Ecumenism


#1

How do you view Ecumenism?

Do you view anyone outside your denomination as a heretic and worthy of contempt?

Or?

Do you view anyone outside of your denomination as a heretic who should be treated with respect, but they will have to return / convert to your denomination to be saved?

Or?

Do you view other Christians as joined to your Church by Baptism in a certain, although imperfect communion.

Or?

Do you view denomination as unimportant as long as you are Christian?

Do you feel the divisions, fractions, denominations, schisms (call them what you will) in the Body of Christ as unfortunate, or you don’t care as you have nothing to do with other denominations, or do you feel the pain of Christian seperation acutely and personally?

I’ve seen all of the above on these boards.

Or something between the above or something else?

I toyed with putting together some sort of poll but I’ve been suspicious of them ever since a friend of mine on an actuarial course revealed he had a course book ‘How to lie with Statistics.’ + I don’t like pidgeonholing!

Anyone who has read any of my posts will be able to work out where I stand;)

Any thoughts? :hmmm:


#2

I feel the pain of Christian seperation acutely and personally.
When Christians of any denomination attack each other, it as if I were trying to cut off my own, completely healthy arm, painful and completely unneccessary.

Disagreeing with someone, arguing your position are part of sharing religious ideas. Believing you are right and the other person needs God to remove the blinders, is also part of strongly held beliefs.

Personal attacks should not be part of the package.

And I also think that many thread titles start out in a hostile manner. I know I would not wish to respond to many of them if I were Protestant, and I believe we lose the opportunity to have dialogue with more mainstream Protestants because of the tone of many of the threads. Being Politically correct and being polite are not the same thing.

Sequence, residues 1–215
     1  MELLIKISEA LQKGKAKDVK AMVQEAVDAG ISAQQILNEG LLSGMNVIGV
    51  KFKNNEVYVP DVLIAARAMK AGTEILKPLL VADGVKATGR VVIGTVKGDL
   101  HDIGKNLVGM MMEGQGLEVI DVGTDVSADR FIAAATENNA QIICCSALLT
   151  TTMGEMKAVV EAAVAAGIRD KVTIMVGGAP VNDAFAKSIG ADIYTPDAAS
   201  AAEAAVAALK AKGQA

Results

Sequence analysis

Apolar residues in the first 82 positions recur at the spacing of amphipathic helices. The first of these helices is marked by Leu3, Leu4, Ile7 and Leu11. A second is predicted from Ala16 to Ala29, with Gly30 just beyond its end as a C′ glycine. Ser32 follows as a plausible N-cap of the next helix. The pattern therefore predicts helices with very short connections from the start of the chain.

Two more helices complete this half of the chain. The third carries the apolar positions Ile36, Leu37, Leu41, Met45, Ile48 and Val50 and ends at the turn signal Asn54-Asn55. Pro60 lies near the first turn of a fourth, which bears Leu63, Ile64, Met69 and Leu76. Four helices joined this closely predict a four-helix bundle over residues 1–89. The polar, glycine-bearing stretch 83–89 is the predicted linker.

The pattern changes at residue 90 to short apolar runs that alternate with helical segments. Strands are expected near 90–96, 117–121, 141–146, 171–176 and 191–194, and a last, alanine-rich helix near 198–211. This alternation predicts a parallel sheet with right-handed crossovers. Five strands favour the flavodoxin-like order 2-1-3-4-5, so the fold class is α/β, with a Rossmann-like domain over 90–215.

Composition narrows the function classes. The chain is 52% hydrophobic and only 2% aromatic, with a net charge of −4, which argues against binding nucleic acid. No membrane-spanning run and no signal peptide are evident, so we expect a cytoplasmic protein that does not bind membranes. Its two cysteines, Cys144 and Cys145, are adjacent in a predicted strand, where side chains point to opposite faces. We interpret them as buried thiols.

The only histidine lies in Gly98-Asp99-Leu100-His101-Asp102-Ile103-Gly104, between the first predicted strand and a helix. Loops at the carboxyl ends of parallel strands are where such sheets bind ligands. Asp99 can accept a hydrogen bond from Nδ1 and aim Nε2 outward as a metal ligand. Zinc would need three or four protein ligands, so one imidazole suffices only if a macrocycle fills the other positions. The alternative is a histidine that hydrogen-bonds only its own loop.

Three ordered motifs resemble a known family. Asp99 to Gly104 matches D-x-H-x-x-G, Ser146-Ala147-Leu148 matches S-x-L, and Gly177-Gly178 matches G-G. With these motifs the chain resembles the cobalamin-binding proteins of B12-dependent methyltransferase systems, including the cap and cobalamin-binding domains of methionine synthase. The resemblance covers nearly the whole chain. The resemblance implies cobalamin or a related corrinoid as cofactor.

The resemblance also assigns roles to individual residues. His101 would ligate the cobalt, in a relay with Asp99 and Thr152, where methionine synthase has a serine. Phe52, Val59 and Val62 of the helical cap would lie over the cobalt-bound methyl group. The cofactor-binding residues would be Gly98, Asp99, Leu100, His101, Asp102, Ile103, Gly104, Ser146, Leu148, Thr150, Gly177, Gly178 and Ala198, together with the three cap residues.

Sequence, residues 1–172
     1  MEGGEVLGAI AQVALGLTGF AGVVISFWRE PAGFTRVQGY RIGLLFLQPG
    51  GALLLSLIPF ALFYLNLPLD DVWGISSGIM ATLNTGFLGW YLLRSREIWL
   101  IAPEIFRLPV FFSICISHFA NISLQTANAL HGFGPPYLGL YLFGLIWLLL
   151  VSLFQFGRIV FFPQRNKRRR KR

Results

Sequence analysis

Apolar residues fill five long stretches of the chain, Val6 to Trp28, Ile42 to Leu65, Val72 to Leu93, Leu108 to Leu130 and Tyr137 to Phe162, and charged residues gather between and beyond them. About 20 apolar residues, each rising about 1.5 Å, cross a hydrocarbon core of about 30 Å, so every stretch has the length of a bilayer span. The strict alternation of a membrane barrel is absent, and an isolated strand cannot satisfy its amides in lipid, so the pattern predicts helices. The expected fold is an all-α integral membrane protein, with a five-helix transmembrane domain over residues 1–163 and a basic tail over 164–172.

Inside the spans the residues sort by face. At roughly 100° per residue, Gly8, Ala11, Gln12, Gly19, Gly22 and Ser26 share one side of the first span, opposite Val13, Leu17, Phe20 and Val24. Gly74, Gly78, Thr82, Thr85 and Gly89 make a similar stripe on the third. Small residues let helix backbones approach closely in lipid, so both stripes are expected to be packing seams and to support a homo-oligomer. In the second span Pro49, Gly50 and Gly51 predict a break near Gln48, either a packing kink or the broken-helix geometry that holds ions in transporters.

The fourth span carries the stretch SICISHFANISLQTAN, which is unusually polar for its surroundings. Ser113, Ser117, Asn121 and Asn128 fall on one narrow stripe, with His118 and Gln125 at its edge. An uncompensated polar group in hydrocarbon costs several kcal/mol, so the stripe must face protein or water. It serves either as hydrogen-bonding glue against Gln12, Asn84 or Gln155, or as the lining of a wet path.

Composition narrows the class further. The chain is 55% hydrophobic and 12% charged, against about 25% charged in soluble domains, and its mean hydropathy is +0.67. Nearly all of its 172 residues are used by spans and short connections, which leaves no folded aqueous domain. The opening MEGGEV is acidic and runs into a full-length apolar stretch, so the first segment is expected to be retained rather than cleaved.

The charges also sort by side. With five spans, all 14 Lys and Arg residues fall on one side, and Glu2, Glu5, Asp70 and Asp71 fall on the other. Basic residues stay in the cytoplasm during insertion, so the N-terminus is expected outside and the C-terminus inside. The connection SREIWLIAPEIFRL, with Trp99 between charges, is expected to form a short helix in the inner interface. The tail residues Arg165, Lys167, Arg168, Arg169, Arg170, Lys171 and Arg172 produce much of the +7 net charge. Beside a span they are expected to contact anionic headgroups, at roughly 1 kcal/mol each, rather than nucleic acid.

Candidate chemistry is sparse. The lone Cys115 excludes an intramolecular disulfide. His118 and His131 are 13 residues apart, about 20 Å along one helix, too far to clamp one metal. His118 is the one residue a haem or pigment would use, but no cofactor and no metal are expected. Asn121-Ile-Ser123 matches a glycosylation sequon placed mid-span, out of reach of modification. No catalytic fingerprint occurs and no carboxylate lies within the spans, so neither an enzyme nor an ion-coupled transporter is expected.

#3

[quote=MariaG]I feel the pain of Christian seperation acutely and personally.
When Christians of any denomination attack each other, it as if I were trying to cut off my own, completely healthy arm, painful and completely unneccessary.

Disagreeing with someone, arguing your position are part of sharing religious ideas. Believing you are right and the other person needs God to remove the blinders, is also part of strongly held beliefs.

Personal attacks should not be part of the package.

And I also think that many thread titles start out in a hostile manner. I know I would not wish to respond to many of them if I were Protestant, and I believe we lose the opportunity to have dialogue with more mainstream Protestants because of the tone of many of the threads. Being Politically correct and being polite are not the same thing.

[/quote]

I totally agree with this. I sometimes wonder if a few of the posters on these forums have ever met any non-Catholics who are NOT anti-Catholic fundamentalists, Mormons or JWs.
I’ve only met some hostility a couple of times, and all the other non-Catholic Christians I know I respect totally, and it is mutual.